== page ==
Lesson Plans

Writing Narrative Nonfiction: Reporting and Travelogues

uranium_projectpage.jpg

Uranium ore in the abandoned Hummer Mine, Paradox Valley, Colorado (detail). Image by Balazs Gardi. United States, 2017.

Uranium ore in the abandoned Hummer Mine, Paradox Valley, Colorado (detail). Image by Balazs Gardi. United States, 2017.

 

Before Class:

Before class, read Ben Mauk’s “States of Decay” on the Harper’s website. If you have any trouble accessing it there, you can read the text at the Pulitzer Center website. Take notes on the content and writing style of the article.

Class Discussion:

As a class, discuss:

  1. What is this story about? Where did Ben Mauk go and why did he go there?
  2. What events led to the uranium mining boom in the U.S. during the mid-20th century?
  3. What events led to the collapse of the uranium mining industry in the U.S.?
  4. How did the mines impact the surrounding communities and people in the mid and late 20th century? In the present day?
    • What is the environmental impact of uranium mining?
    • What is the public health impact?
  5. Mauk’s essay includes many elements of a travelogue. He chose to write in the first person and include details about the places he visited, the people he met, and his personal thoughts.
    • How does Mauk use his travels to frame his narrative?
    • How does he convey setting, character, and sensory details?
    • What literary elements does he use to set the place, mood, or scene?
    • How does Mauk express his personal feeling and emotions about his experiences?
    • How is this story similar to or different from other journalism you have read?
    • How is it similar to or different from other nonfiction or fiction writing you have read?
    • Why do you think he chose to write the story this way?
    • Based on what you read and discussed, what do you like and dislike about this style of writing?

Activity:

1. Pick an issue that you want to report on in your town or somewhere nearby. You need to be able to get to this area by foot, bicycle, public transit, or car if you have access to one.

2. Research the issue and plan your reporting trip.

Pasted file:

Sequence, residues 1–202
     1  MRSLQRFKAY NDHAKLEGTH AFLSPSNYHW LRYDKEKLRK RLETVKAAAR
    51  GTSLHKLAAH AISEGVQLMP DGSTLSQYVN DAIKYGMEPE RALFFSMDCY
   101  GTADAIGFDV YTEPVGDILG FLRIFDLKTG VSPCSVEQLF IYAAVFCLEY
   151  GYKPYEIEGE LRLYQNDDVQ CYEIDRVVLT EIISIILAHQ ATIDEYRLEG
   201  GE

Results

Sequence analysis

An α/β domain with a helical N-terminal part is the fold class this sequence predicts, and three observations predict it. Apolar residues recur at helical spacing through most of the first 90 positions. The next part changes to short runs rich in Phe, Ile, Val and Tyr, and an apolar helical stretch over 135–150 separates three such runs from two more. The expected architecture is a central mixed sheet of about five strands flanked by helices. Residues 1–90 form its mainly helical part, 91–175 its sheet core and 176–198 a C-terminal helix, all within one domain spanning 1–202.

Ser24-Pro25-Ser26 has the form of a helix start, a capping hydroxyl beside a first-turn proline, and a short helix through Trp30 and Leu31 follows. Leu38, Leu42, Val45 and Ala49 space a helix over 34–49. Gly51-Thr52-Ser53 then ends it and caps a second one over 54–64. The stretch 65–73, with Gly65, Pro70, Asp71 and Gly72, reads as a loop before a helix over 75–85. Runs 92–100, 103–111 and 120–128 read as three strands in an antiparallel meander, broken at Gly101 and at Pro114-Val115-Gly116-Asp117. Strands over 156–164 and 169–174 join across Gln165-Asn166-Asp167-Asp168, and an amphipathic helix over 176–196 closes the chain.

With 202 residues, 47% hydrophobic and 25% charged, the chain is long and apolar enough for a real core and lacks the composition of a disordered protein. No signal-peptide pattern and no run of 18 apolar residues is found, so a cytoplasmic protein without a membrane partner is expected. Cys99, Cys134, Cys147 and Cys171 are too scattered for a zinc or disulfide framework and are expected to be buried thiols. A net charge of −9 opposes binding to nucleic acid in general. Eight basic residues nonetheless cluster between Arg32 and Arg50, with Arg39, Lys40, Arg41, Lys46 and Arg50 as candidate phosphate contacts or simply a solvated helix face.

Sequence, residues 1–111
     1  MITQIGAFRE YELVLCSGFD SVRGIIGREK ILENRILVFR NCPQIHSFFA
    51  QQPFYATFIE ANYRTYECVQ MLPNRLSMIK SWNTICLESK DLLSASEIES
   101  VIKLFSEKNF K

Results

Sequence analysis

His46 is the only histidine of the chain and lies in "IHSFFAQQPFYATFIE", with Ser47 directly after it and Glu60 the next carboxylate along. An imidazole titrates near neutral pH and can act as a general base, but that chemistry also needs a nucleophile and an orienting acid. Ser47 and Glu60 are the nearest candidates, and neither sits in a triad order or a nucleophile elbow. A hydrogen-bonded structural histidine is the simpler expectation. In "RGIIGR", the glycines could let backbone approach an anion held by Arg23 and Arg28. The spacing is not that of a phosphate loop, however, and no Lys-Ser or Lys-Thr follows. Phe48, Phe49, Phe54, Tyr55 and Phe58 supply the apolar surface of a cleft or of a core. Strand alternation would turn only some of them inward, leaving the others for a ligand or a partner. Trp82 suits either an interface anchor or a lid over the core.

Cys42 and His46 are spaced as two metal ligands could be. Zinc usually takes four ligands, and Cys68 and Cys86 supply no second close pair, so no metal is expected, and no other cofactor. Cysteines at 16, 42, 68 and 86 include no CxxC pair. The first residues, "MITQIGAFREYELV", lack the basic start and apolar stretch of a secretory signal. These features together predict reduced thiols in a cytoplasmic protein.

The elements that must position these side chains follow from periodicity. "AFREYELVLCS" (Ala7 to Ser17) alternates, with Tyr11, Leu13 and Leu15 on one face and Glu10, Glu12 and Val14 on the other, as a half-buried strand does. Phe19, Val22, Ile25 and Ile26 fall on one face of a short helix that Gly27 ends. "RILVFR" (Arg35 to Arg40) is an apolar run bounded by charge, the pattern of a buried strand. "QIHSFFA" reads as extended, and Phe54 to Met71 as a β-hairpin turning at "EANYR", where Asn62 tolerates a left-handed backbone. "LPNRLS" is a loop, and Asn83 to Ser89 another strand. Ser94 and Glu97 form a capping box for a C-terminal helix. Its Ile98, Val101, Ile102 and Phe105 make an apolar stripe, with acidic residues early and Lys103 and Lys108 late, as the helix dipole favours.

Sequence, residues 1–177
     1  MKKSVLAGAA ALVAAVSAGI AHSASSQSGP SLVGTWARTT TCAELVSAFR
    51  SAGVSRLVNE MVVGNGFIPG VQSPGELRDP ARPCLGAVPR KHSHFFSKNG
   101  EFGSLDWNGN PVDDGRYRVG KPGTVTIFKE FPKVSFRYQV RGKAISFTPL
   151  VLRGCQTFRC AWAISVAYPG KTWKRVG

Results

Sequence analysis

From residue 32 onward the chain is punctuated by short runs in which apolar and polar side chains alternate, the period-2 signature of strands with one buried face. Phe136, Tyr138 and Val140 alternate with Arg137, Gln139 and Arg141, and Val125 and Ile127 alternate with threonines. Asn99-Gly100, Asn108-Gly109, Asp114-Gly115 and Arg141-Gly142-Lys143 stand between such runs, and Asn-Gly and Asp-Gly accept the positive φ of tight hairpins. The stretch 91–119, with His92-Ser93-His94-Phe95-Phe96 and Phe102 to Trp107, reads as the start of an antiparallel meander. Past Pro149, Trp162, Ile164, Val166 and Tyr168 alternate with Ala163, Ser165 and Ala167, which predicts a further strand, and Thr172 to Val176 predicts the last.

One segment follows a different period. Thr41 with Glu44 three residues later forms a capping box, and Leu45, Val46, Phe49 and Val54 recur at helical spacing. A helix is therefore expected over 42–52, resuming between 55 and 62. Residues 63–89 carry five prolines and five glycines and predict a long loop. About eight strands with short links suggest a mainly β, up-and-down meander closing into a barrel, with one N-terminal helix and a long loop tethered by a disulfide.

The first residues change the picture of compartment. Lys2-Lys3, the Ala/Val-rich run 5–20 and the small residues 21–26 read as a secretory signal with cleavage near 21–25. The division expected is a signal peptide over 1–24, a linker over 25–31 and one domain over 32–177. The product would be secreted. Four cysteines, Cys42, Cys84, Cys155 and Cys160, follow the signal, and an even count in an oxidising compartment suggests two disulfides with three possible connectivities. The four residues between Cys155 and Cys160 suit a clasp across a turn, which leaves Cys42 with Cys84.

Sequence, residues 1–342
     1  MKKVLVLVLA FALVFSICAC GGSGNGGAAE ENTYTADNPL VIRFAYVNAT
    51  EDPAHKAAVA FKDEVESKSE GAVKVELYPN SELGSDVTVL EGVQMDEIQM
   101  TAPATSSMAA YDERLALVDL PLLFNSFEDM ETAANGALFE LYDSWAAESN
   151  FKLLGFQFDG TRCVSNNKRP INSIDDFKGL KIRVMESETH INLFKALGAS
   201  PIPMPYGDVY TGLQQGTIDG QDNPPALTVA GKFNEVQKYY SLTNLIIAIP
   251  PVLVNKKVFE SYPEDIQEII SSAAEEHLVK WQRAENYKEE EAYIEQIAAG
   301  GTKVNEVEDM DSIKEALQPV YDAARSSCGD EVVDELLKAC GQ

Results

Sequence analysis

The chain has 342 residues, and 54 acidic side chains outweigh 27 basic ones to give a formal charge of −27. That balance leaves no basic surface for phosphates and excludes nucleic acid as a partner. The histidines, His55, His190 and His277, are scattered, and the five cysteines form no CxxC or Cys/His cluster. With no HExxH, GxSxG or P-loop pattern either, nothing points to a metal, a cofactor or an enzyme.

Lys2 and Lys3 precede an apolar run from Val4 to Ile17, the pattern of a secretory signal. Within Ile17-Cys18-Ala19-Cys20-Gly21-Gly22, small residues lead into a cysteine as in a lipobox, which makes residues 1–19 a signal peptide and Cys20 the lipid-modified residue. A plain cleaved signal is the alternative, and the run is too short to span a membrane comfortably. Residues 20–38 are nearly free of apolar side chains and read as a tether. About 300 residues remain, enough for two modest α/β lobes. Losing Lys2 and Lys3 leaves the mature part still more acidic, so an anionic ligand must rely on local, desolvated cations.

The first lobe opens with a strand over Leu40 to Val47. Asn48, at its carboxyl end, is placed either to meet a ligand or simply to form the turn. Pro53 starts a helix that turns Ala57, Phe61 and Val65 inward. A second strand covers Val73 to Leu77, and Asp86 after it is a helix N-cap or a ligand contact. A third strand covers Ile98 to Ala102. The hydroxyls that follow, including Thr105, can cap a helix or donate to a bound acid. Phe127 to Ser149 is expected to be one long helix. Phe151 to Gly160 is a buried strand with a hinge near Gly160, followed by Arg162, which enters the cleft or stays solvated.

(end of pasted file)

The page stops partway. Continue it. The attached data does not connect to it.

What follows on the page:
• Read existing reporting and other sources on the topic including academic, governmental, or intergovernmental organization sources.
  • Determine how you will travel to and around the area.
  • Create a list of people you would ideally want to talk to and places you plan to visit. As you make your list, think about who you can talk to and where you can go to report on multiple perspectives like Mauk did in his story. Your plans can change once you are in the field, but you need to have plans in place before you travel.
  • Create a list of questions you want to ask people. You do not have to ask every person every question or stick to just those questions, but you need to have an idea of what you want to ask.
  • Depending on your issue and area of travel, you might need to arrange to visit a place or speak with a person ahead of time. For example, if you want to learn more about water quality in an area, you would arrange ahead of time to tour a water treatment plant or interview the city official in charge of water quality.
  • Remember to think about your personal safety as you make your plans and take appropriate precautions.

3. Execute your research trip.

  • Take notes on your travels, surroundings, and experiences so that you can provide sensory details and personal perspectives in your reporting.
  • When entering a private establishment or property, make sure you introduce yourself to people and explain what you are doing.
  • Do the same thing when you approach someone to request an interview or you start talking with them.

4. Write a narrative nonfiction essay on your reporting. Make sure that all your information is factually accurate and that you properly quote people in your piece. Also make sure to provide travelogue elements like Mauk did in his story.

5. As a class, discuss your reporting and writing experiences.

  • Did you have any problems navigating the area?
  • Was it hard to approach people for interviews?
  • How did people react when you informed them of who you were and what you were doing?
  • Did you have any trouble incorporating your personal perspective in your writing? Why or why not?
  • Did you have any trouble incorporating background information, facts, and data into your writing? Why or why not?

Extension Activity:

  1. Contact your school publication or a local newspaper, magazine, or website. Pitch your project and see if you can get it published.
  2. The Pulitzer Center wants to read your essays too. Please email your essay to education[AT]pulitzercenter.org as a pdf or doc file and use the subject line Travelogue Essay Inspired by Ben Mauk's "States of Decay".
Educator Notes: 

The activity can be done over the course of a semester or in a week or two. The more time students have to conduct reporting, the more opportunities they have to spend time in the field.

The activity could be a group project in which the group picks a topic and plans the reporting trip together. Each student would choose a separate part of the story to report on and write a segment of a larger group essay.

Another option for the activity is to incorporate peer review into the assignment. Have students read and critique each other’s work in class or as homework.

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